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Thread: have

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    #1

    Question have

    Dear Teachers,

    I'd like to ask about the question:

    Has she a car?

    Is it completely incorrect, archaic or used only in some regions (regionally?).

    Would it be accepted in an English examination?

    Thank you for your help

  1. bhaisahab's Avatar
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    #2

    Re: have

    Quote Originally Posted by 4ania4 View Post
    Dear Teachers,

    I'd like to ask about the question:

    Has she a car?

    Is it completely incorrect, archaic or used only in some regions (regionally?).

    Would it be accepted in an English examination?

    Thank you for your help
    For me it's completely correct (BrE). If I were marking the exam, I would accept it and secretly rejoice at the use of elegant English.
    Last edited by bhaisahab; 23-Jan-2011 at 22:07.

  2. charliedeut's Avatar
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    #3

    Re: have

    Hi,

    And what about "Has she got a car"? Is this construction no longer used in English?

    Thanks

    Greetings,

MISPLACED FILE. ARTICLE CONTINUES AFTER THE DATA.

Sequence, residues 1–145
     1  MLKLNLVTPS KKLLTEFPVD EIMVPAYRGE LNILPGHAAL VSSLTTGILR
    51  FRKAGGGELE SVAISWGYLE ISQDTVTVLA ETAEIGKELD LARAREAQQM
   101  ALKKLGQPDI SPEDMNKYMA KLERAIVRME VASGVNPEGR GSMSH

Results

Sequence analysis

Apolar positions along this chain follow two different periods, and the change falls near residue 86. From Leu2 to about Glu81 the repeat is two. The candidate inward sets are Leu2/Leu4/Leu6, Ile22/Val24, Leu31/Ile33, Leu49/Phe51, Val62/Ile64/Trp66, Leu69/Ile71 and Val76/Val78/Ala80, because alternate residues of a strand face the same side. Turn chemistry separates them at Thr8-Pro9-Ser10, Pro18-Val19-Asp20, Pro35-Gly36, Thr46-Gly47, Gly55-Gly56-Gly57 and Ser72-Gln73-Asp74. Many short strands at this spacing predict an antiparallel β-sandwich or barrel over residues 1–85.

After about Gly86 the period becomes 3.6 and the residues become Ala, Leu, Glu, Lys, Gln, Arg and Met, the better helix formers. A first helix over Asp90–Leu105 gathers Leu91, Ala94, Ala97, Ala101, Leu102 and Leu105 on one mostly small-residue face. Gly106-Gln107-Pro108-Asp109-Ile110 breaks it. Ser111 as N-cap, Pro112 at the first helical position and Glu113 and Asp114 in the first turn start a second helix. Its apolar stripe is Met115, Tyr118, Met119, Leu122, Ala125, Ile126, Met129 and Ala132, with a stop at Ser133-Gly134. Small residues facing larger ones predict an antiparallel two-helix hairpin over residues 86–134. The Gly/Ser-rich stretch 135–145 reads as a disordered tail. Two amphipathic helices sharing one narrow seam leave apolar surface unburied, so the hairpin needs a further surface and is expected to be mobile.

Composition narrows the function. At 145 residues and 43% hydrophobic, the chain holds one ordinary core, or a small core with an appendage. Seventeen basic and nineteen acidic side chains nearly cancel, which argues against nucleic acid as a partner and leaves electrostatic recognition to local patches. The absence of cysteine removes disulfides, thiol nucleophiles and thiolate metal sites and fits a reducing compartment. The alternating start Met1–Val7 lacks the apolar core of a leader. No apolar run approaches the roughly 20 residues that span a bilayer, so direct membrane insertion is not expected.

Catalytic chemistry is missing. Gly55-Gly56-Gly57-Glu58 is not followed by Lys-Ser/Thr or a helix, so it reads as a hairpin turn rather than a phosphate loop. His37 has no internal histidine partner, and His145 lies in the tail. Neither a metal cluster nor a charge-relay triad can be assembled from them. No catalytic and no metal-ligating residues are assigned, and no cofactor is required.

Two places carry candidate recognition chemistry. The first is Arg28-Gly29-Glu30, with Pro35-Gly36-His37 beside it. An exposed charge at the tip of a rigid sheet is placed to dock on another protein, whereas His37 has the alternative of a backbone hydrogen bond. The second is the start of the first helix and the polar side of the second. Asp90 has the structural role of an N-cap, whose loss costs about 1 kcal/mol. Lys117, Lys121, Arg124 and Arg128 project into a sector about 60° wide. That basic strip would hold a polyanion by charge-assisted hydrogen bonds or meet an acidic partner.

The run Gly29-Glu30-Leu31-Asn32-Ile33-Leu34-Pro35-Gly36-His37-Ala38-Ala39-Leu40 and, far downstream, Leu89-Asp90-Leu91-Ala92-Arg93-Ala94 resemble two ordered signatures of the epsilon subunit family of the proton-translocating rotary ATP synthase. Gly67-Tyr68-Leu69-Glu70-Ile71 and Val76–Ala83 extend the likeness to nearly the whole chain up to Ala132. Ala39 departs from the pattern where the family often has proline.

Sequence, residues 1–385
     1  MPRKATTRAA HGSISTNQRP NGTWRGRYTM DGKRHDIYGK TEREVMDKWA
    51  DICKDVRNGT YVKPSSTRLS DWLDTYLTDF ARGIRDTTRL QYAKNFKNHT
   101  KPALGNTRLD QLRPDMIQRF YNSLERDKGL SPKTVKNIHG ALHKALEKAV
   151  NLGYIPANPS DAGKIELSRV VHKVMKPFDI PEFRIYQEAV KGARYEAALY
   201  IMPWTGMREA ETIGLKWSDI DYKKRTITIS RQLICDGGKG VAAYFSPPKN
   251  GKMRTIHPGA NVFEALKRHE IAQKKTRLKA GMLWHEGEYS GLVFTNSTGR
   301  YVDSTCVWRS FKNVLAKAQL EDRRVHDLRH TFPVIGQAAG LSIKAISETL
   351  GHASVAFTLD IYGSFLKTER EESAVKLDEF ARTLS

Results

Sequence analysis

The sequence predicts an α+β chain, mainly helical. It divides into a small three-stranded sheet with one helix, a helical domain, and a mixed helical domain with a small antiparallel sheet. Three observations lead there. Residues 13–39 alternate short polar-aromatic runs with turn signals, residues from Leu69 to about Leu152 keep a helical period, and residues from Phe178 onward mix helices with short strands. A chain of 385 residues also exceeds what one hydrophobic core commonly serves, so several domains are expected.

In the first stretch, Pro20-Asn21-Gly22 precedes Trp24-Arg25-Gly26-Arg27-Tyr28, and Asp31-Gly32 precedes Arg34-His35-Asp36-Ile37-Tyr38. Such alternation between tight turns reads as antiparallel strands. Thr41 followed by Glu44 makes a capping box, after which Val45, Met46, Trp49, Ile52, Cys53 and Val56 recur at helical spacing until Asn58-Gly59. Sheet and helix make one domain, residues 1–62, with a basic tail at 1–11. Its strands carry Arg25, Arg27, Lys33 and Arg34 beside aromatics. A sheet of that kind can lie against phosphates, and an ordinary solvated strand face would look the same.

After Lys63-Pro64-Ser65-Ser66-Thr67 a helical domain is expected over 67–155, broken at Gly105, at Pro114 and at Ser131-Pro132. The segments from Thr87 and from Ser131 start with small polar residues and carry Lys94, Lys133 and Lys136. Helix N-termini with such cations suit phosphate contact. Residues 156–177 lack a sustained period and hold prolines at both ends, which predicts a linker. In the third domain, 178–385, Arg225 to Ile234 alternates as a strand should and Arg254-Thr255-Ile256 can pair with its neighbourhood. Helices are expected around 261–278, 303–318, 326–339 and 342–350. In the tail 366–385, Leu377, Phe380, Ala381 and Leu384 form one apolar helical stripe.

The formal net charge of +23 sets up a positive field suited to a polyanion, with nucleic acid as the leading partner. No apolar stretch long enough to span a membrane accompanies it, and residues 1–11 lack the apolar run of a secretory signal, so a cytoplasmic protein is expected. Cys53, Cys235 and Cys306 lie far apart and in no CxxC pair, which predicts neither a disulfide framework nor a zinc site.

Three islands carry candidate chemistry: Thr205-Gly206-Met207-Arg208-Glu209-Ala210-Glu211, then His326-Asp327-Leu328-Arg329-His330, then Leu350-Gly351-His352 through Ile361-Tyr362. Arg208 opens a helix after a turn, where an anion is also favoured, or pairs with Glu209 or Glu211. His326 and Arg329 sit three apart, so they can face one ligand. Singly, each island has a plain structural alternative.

Charliedeut

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    #4

    Re: have

    "Does she have a car?" would probably be the most common way of asking.

    "Has she got a car?" also works.

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    #5

    Re: have

    Thank you very much for your answer. I have wanted to ask the questions for a long time.

    I have one more question? How would you explain the fact that contemporary English course books do not teach the strucure. You can only find there:

    Has she got a car?

    Does she have a car?

    Thank you very much.

  3. bhaisahab's Avatar
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    #6

    Re: have

    Has she a car?, Does she have a car?, Has she got a car? are all correct.

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    #7

    Re: have

    You can form a question by inverting the position of subject and verb, but this sounds dated or formal.

  4. 5jj's Avatar
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    #8

    Re: have

    Quote Originally Posted by 4ania4 View Post
    I have one more question? How would you explain the fact that contemporary English course books do not teach the strucure.[Has she a car?]
    Although survivors of the stone age such as Bhaisa and I were taught that has she is correct, and that has she got is not really acceptable, especially in formal situations, times have changed.

    Some people now regard has she got or, especially for Americans, does she have as the only natural forms. It probably won't be long before that is true, but it isn't yet.

    I feel that the couse books are right in presenting forms that are now generally acceptable in normal conversation. I regret that they give little acknowledgement to a form that is still used in more formal writing, and by many older people in speech.
    Last edited by 5jj; 25-Jan-2011 at 14:24. Reason: typo

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